Rating: 2.5 out of 5.

My main reason for reading this book was in support of the post I recently made on what I like to call “Wesley Crusher Syndrome.”  If you haven’t yet read it, I use the post to discuss how and why youthful characters are so often done poorly, and some considerations for how they might be executed more effectively.  I suppose I could have found a book that was a little more directly pointed at that topic, but I have long maintained that the best way to write a convincing character is to write based on real experienced.  Now, I don’t know anyone who has experienced visiting the afterlife, or wielding Blood Magic, but I do know that a lot of people are children, and almost as many interact with them, so this seemed a logical book to read.  At least, it did in my brain.

Like many nonfiction books, including several that we’ve reviewed here on the site, Parenting Is a Contact Sport suffered from a severe case of repetition.  It wasn’t a long book, but however many tens of thousands of words it contained, I could pretty much communicate the same message in a single sentence: have a relationship with your children.  All of the chapters, all of the awkwardly personal anecdotes that were supposed to be hacking my brain and convincing me of the author’s message, could really have been reduced to just that statement.  Granted, some elaboration is useful, but I really don’t think that quite so many words needed to be used.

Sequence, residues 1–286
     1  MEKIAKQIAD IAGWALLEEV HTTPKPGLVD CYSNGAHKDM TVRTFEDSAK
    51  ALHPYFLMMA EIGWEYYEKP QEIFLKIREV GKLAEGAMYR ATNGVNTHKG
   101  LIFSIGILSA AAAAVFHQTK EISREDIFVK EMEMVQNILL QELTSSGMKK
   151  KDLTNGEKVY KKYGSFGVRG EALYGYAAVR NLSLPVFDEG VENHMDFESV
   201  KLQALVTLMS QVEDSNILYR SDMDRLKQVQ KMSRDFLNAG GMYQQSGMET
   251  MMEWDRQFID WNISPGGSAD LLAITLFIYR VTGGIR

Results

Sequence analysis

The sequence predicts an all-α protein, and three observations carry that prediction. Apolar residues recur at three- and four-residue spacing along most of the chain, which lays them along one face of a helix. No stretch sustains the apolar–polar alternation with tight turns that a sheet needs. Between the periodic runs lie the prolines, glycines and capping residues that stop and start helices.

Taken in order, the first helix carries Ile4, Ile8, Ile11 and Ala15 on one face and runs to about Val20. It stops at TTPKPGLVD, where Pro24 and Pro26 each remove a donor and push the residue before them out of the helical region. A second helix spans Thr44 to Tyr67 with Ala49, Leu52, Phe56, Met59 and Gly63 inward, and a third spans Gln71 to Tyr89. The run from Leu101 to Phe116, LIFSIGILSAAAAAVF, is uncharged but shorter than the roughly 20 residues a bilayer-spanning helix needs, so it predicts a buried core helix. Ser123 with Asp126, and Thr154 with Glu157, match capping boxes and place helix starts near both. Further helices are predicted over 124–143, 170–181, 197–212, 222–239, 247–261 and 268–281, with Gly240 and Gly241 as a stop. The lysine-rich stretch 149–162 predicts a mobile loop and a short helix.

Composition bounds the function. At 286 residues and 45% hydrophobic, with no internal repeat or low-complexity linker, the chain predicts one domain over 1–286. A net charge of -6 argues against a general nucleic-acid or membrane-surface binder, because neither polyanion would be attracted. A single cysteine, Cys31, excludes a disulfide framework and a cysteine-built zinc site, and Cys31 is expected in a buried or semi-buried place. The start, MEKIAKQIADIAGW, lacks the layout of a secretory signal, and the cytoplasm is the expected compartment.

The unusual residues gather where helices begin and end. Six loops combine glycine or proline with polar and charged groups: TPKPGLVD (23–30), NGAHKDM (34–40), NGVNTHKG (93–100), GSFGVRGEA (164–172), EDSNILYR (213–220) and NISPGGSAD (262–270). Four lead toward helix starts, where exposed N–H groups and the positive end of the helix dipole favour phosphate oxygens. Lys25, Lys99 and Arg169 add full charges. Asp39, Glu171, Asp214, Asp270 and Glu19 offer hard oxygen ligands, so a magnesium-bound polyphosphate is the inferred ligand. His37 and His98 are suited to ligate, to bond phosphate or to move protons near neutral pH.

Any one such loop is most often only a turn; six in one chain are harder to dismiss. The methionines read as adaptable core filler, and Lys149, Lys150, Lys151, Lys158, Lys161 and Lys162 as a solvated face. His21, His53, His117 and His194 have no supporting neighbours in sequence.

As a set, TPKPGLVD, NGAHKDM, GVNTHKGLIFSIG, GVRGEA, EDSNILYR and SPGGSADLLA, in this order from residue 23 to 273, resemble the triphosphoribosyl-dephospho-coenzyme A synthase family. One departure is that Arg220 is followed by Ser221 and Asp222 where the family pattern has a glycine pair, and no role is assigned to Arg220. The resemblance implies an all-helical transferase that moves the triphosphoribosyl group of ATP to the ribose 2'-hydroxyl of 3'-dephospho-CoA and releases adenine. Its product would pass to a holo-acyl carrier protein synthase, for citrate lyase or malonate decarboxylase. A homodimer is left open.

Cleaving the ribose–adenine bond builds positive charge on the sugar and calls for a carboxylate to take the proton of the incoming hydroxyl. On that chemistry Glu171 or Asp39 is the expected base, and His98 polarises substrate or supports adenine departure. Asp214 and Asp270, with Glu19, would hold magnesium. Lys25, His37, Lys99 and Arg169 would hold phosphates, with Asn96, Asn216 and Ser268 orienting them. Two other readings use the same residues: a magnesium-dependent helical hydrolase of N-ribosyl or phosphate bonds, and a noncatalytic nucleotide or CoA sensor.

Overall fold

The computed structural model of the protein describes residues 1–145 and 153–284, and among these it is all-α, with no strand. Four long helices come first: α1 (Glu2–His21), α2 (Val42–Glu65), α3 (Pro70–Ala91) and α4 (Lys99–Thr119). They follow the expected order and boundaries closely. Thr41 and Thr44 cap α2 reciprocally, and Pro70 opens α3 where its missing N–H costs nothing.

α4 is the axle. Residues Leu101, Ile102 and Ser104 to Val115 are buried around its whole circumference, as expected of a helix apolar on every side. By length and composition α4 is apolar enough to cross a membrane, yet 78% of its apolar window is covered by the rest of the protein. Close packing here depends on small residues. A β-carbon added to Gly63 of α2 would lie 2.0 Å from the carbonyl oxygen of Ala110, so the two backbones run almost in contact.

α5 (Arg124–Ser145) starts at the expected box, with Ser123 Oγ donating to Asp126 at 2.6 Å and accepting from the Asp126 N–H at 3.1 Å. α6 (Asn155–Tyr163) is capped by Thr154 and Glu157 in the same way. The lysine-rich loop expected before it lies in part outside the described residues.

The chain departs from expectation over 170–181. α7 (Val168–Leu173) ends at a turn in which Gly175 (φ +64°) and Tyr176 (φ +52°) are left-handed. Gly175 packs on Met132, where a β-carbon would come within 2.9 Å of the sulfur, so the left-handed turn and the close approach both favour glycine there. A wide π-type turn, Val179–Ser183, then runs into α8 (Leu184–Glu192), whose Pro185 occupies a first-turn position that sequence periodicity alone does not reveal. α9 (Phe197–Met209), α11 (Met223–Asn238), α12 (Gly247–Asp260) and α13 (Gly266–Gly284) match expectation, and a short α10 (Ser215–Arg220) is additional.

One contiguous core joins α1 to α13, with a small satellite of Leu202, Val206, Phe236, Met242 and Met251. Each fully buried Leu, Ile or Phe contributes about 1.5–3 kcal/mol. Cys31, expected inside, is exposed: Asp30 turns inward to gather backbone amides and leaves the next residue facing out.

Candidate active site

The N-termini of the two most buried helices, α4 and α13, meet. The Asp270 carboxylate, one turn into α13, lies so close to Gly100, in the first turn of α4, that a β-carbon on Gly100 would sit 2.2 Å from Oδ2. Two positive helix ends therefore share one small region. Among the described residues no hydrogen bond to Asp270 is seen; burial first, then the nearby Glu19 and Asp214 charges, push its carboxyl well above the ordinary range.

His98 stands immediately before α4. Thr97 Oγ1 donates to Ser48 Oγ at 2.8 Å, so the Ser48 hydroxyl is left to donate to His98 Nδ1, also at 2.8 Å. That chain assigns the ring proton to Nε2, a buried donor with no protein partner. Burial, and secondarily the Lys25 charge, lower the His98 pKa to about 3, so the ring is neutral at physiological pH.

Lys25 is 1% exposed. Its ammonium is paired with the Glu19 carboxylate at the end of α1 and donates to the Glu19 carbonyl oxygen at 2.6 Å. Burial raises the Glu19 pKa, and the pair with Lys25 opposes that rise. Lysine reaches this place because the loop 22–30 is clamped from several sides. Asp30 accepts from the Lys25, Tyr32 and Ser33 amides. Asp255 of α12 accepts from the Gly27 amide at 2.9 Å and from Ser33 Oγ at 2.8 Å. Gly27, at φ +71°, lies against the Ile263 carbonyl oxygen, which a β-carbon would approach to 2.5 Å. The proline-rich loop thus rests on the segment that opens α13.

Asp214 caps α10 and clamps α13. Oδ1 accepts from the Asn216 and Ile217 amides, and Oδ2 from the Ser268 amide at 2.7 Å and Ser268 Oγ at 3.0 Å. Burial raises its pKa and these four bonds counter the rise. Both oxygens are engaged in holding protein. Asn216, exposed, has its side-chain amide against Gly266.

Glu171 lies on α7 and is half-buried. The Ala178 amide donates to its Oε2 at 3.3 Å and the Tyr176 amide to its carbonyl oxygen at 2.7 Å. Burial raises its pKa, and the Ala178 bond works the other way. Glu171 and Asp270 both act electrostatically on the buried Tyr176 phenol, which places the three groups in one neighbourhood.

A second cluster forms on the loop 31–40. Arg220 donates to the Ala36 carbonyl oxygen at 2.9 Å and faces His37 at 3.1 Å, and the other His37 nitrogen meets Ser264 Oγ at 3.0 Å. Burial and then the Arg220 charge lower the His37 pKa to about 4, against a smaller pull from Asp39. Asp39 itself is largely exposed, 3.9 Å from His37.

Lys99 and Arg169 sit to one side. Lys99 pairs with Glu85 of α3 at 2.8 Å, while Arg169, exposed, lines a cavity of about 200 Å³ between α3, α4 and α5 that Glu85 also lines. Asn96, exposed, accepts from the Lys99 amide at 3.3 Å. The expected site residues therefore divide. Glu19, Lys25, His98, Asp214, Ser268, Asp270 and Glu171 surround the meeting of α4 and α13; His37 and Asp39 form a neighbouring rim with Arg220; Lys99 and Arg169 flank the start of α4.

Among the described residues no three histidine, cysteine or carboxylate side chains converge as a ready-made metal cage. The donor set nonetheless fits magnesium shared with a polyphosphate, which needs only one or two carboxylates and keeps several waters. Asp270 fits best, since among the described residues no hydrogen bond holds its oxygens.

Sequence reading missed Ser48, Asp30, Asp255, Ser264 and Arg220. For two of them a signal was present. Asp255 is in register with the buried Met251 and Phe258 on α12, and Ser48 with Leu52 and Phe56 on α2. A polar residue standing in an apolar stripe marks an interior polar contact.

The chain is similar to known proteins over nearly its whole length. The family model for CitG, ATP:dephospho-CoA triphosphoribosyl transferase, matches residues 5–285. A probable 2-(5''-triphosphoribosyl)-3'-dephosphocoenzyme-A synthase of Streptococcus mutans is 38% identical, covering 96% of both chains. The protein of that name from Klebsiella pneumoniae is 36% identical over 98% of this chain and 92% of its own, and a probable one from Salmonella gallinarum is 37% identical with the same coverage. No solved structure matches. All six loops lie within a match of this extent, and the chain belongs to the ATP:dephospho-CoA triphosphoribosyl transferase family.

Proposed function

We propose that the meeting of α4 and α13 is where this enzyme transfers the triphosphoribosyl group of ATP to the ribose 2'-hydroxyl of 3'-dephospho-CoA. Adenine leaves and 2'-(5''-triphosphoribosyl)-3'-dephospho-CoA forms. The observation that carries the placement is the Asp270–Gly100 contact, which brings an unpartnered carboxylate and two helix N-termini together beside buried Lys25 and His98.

Considering that, to the best of my knowledge, most of us were children at one point in time, the way that most people seem to relate to children has long bothered me.  Specifically: that people feel the need to treat children differently.  Yes, there are neurological and developmental differences, but if I were going to write a book about interacting with children, mine would be summarized with this statement: treat children like they’re people, not like they’re children.  Actually, that advice applies to a lot of situations, not just involving children.  But I digress.

There were, inevitably, parts of this book with which I disagreed.  It would be worth considering its contents in light of The Coddling of the American Mind, which I read before I started doing the weekly book reviews, but would certainly recommend as worth your time.  If I expected to be interacting significantly with children on a regular basis in the near future, I would probably want to find a lot more books on these sorts of topics, but for my purposes in regards to writing, this seems adequate at the moment.  It is therefore with some ambivalence that I suggest to you Parenting is a Contact Sport.

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